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Consumption of Sports and Energy Drinks by High School Athletes in the United States: A Pilot Study

1
Department of Communication, University of Colorado Denver, Campus Box 176, P.O. Box 173364, Denver, CO 80217-3364, USA
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Division of Sports Medicine, Department of Pediatrics, Nationwide Children’s Hospital, One Children’s Drive, Columbus, OH 43205, USA
3
Warren Alpert Medical School, Brown University, Box G-9999, Providence, RI 02915, USA
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Colleges of Nursing and Medicine, The Ohio State University, 1585 Neil Ave., Columbus, OH 43210, USA
5
OhioHealth Research & Innovations Institute, Riverside Methodist Hospital, 3545 Olentangy River Road, Columbus, OH 43234, USA
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Department of Epidemiology, Colorado School of Public Health, 13001 E. 17th Place, Campus Box B119, Aurora, CO 80045, USA
*
Author to whom correspondence should be addressed.
These authors contributed equally to this work.
Academic Editor: Juan Del Coso Garrigós
Beverages 2015, 1(3), 218-224; https://doi.org/10.3390/beverages1030218
Received: 5 August 2015 / Revised: 11 September 2015 / Accepted: 15 September 2015 / Published: 22 September 2015
(This article belongs to the Special Issue Energy Drinks)
Sports and energy (S/E) drinks are commonly used by high school (HS) athletes, yet little is known about this population’s consumption patterns or the drinks’ side-effects. The objectives of this pilot study were to survey HS athletes about their use of S/E drinks and assess potential side-effects. One hundred American HS athletes (72 were female; 27 were male; one did not identify gender) were part of a cross-sectional internet-based survey. The mean age of the athletes was 16.0 ± 1.1 years. The athletes self-reported S/E consumption patterns, motivations for consumption, and drink side-effects. Nearly two-thirds (59.5%) of athletes surveyed were at least occasional users of sports drinks, and more than one-third (37.3%) were at least occasional users of energy drinks. Of the athletes who had ever drunk an S/E drink, 49.5% drank their first sport drink at ≤ 8 years and 41.3% consumed their first energy drink ≤ 11–12 years of age. The most common motivation for consumption of sports drinks was to rehydrate (84.1%) and of energy drinks was to gain energy (61.8%). Side effects of S/E drinks were frequently reported; 25.3% of energy drink users reporting being nervous/jittery after consumption. Thus HS athletes should be cautioned about consumption of S/E drinks until more is understood about their short- and long-term side-effects. View Full-Text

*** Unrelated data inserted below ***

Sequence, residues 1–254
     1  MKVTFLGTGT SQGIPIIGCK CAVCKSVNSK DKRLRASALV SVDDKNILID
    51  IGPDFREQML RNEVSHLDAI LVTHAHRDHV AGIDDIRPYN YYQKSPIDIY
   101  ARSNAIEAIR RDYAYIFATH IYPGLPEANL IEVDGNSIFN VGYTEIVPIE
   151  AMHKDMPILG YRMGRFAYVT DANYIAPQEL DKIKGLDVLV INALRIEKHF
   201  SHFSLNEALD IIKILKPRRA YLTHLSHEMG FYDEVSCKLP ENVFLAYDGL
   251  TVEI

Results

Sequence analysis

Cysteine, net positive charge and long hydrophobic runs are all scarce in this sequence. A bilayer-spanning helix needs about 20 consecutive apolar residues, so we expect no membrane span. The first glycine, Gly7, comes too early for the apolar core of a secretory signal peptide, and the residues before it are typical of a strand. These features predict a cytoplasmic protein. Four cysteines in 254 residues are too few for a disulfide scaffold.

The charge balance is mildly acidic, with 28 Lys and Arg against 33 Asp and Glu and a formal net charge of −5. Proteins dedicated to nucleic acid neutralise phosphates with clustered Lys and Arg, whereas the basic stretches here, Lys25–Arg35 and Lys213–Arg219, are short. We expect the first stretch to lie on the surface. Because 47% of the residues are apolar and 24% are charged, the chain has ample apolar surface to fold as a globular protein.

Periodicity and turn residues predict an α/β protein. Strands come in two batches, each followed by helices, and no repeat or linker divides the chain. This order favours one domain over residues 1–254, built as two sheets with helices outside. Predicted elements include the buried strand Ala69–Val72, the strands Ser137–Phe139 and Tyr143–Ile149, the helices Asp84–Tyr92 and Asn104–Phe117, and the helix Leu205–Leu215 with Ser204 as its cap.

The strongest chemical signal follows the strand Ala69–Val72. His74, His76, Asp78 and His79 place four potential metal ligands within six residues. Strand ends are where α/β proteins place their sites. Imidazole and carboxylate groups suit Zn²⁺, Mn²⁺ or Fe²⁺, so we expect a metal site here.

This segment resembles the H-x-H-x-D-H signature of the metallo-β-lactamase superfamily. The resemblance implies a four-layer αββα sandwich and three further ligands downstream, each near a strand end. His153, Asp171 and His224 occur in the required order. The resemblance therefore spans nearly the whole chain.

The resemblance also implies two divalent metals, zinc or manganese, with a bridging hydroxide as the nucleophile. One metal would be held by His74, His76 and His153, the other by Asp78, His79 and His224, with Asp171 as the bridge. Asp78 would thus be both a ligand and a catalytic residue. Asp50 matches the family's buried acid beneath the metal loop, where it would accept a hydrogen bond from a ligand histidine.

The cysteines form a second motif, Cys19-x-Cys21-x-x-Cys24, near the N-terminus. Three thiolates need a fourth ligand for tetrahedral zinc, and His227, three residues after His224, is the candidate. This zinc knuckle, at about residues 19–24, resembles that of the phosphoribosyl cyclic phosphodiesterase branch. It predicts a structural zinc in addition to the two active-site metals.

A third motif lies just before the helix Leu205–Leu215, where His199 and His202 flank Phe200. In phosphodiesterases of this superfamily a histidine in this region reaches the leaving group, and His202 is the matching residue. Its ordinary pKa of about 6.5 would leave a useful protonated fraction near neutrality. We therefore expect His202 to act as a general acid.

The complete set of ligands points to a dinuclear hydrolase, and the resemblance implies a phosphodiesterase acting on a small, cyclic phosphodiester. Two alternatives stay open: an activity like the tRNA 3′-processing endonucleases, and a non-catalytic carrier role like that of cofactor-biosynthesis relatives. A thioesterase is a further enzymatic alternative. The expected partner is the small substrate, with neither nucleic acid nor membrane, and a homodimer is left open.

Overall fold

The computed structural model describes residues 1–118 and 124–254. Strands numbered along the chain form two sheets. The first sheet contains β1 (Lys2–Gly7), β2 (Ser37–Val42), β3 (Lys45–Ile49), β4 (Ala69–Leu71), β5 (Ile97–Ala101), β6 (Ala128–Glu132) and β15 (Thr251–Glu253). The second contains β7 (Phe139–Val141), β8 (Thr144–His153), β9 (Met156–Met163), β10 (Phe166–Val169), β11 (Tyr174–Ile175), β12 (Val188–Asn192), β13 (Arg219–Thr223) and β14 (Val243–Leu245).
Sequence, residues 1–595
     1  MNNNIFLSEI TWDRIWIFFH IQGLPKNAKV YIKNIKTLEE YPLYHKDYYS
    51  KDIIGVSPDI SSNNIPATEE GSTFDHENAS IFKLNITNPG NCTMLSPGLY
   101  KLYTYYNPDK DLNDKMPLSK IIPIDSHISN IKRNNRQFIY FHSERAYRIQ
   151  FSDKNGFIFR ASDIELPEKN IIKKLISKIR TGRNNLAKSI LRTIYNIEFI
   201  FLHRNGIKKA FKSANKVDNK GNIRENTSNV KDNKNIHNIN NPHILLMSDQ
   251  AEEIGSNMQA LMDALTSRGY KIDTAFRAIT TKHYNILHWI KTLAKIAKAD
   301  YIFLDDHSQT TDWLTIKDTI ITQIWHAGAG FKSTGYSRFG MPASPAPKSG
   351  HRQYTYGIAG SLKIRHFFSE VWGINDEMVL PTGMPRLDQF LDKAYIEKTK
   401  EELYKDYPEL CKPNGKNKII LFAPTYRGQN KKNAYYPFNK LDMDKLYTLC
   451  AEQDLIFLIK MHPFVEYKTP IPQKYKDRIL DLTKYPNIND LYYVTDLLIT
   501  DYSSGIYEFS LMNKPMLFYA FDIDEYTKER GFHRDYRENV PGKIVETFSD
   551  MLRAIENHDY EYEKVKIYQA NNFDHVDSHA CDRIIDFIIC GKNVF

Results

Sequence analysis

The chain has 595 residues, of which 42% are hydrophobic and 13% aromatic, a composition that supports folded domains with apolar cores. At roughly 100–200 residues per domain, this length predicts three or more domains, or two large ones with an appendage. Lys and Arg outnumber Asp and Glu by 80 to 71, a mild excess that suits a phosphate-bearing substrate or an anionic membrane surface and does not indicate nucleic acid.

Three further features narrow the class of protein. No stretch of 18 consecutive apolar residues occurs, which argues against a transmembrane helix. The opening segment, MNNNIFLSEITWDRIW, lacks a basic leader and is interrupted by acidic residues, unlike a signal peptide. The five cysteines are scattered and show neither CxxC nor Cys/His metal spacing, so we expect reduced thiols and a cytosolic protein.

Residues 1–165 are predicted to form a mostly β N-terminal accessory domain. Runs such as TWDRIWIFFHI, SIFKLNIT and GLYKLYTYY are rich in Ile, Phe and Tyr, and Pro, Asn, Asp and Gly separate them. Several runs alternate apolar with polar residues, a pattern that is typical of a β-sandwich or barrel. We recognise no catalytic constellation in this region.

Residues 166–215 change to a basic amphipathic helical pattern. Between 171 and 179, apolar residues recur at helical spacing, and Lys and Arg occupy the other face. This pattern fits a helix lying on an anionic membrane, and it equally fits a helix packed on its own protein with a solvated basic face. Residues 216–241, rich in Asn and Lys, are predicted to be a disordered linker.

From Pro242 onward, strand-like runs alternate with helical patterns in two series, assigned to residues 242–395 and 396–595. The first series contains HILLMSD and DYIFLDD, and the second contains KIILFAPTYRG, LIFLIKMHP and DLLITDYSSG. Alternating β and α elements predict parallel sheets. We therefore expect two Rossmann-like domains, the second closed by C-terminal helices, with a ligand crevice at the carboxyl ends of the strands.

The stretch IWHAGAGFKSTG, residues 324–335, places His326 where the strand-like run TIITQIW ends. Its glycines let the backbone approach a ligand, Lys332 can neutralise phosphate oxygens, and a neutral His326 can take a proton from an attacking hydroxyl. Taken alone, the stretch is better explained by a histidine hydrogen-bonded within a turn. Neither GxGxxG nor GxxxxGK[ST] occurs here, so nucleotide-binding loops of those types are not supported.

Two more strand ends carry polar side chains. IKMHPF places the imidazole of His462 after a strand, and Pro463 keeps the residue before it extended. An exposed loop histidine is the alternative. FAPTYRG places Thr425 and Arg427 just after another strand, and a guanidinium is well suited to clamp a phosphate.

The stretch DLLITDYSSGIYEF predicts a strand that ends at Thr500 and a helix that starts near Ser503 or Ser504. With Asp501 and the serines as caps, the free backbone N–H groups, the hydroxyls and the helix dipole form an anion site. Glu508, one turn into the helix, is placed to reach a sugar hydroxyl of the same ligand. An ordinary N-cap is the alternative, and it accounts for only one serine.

Keywords: BMI; caffeine; obesity; energy drink; sports drink; high school; athletes BMI; caffeine; obesity; energy drink; sports drink; high school; athletes
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Fields, S.K.; MacDonald, J.; Joseph, A.M.; Wold, L.E.; Collins, C.L.; Comstock, R.D. Consumption of Sports and Energy Drinks by High School Athletes in the United States: A Pilot Study. Beverages 2015, 1, 218-224.

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